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Magnetically induced metal-insulator transition in Pb2CaOsO6

DOI: 10.1103/PhysRevB.102.214409 DOI Help

Authors: Henrik Jacobsen (University of Oxford; Paul Scherrer Institute) , Hai L. Feng (National Institute for Materials Science; Beijing National Laboratory for Condensed Matter Physics, Institute of Physics, Chinese Academy of Sciences) , Andrew J. Princep (University of Oxford; ISIS Pulsed Neutron and Muon Source) , Marein C. Rahn (University of Oxford) , Yanfeng Guo (ShanghaiTech University) , Jie Chen (National Institute for Materials Science, Japan) , Yoshitaka Matsushita (National Institute for Materials Science, Japan) , Yoshihiro Tsujimoto (National Institute for Materials Science, Japan) , Masahiro Nagao (Nagoya University) , Dmitry Khalyavin (ISIS Pulsed Neutron and Muon Source) , Pascal Manuel (ISIS Pulsed Neutron and Muon Source) , Claire A. Murray (Diamond Light Source) , Christian Donnerer (University College London) , James G. Vale (University College London) , Marco Moretti Sala (European Synchrotron Radiation Facility) , Kazunari Yamaura (National Institute for Materials Science, Japan) , Andrew T. Boothroyd (University of Oxford)
Co-authored by industrial partner: No

Type: Journal Paper
Journal: Physical Review B , VOL 102

State: Published (Approved)
Published: December 2020
Diamond Proposal Number(s): 9839

Abstract: We report on the structural, magnetic, and electronic properties of two new double-perovskites synthesized under high pressure, Pb 2 CaOsO 6 and Pb 2 ZnOsO 6 . Upon cooling below 80 K, Pb 2 CaOsO 6 simultaneously undergoes a metal-to-insulator transition and develops antiferromagnetic order. Pb 2 ZnOsO 6 , on the other hand, remains a paramagnetic metal down to 2 K. The key difference between the two compounds lies in their crystal structures. The Os atoms in Pb 2 ZnOsO 6 are arranged on an approximately face-centered cubic lattice with strong antiferromagnetic nearest-neighbor exchange couplings. The geometrical frustration inherent to this lattice prevents magnetic order from forming down to the lowest temperatures. In contrast, the unit cell of Pb 2 CaOsO 6 is heavily distorted up to at least 500 K including antiferroelectriclike displacements of the Pb and O atoms despite metallic conductivity above 80 K. This distortion relieves the magnetic frustration, facilitating magnetic order which, in turn, drives the metal-insulator transition. Our results suggest that the phase transition in Pb 2 CaOsO 6 is spin driven and could be a rare example of a Slater transition.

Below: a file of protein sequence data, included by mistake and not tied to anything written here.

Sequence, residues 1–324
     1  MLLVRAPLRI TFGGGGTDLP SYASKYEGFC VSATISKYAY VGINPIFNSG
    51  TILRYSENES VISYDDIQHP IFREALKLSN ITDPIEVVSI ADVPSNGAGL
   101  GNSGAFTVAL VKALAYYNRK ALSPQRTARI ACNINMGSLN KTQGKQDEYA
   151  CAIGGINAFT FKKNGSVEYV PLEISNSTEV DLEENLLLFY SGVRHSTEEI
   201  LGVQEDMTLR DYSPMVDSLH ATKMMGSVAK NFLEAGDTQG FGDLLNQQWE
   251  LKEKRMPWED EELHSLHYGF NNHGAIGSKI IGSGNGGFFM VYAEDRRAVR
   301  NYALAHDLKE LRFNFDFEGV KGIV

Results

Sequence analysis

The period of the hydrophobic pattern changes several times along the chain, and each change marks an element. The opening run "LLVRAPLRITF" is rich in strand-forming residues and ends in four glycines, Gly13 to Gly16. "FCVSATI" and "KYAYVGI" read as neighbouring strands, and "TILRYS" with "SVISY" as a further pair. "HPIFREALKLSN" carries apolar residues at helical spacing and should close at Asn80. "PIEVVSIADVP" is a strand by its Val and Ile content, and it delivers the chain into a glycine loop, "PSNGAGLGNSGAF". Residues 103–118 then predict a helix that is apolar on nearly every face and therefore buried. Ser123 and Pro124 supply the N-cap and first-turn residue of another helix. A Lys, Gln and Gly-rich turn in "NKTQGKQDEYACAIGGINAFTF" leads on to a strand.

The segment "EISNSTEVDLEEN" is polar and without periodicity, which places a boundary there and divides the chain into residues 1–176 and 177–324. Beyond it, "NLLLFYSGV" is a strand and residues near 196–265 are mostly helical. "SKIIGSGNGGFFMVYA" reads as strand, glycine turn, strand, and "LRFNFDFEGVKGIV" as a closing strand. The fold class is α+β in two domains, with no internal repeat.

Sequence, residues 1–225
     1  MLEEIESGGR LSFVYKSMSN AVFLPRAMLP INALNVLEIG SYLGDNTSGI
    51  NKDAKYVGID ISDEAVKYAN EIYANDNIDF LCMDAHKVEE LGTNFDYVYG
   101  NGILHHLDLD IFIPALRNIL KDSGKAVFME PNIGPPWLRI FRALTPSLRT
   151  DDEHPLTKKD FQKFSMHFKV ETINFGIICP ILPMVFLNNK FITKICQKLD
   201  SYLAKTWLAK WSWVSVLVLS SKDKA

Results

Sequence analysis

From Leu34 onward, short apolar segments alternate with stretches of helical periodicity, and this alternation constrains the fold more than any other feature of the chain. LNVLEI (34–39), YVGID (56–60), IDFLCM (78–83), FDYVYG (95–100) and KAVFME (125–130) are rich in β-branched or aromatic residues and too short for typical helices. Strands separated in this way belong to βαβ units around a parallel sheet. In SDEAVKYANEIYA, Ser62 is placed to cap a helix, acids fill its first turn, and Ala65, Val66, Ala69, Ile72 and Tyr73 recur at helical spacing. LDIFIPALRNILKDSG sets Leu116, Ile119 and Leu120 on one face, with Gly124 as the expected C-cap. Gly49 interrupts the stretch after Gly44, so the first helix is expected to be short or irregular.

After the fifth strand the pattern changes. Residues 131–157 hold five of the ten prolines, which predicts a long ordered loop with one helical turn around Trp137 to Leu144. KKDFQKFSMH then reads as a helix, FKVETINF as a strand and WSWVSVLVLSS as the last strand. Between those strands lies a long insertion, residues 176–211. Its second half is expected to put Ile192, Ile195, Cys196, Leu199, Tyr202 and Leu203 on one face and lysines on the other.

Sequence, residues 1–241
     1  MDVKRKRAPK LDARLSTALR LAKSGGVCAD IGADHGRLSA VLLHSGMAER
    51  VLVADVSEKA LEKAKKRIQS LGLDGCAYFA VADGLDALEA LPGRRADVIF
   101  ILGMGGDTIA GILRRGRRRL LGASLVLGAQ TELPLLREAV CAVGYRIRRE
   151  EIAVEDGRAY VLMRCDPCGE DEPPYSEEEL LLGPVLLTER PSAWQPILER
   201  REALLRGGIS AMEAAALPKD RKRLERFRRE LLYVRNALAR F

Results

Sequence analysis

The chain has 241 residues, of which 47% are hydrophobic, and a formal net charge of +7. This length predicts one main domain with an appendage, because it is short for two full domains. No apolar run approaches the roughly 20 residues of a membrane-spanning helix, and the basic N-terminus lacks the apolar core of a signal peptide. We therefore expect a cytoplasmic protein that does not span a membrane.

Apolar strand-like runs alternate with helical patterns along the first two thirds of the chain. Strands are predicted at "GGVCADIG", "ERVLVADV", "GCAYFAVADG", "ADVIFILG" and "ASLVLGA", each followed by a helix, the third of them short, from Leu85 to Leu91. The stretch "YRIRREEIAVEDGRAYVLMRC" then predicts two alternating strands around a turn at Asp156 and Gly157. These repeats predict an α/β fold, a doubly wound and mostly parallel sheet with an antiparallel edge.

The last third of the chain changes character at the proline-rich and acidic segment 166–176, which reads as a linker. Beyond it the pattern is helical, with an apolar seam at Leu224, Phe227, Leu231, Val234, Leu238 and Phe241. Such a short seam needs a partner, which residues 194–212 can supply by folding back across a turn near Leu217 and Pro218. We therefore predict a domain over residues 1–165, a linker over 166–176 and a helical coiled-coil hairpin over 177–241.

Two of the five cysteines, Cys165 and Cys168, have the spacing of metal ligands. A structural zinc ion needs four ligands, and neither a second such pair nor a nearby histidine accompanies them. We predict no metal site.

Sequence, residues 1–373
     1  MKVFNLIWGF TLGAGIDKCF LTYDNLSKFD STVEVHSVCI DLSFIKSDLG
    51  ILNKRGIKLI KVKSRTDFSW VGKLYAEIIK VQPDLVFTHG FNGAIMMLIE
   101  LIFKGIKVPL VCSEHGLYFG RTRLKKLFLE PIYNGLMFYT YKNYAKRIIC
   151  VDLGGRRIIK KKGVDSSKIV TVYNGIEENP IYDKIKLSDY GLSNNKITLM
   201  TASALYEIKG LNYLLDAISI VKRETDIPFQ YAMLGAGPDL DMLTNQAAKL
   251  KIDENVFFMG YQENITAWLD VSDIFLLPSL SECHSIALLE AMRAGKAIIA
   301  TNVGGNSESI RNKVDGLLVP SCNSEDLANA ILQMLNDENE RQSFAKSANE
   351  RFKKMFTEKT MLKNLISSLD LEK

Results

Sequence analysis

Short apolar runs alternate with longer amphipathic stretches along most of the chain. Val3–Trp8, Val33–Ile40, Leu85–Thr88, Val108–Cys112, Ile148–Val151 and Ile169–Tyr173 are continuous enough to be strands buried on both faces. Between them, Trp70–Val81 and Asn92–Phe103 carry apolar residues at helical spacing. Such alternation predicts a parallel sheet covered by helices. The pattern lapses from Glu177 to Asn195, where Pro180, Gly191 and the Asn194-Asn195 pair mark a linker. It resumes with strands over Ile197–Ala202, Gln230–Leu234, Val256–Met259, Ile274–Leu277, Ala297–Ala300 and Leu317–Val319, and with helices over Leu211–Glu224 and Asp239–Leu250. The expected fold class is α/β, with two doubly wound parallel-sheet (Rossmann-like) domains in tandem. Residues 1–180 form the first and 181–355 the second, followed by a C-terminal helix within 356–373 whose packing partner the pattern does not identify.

Journal Keywords: Antiferroelectricity; Antiferromagnetism; Crystal structure; Magnetic phase transitions; Metal-insulator transition

Subject Areas: Materials, Physics


Instruments: I11-High Resolution Powder Diffraction

Other Facilities: ID20 at ESRF; ISIS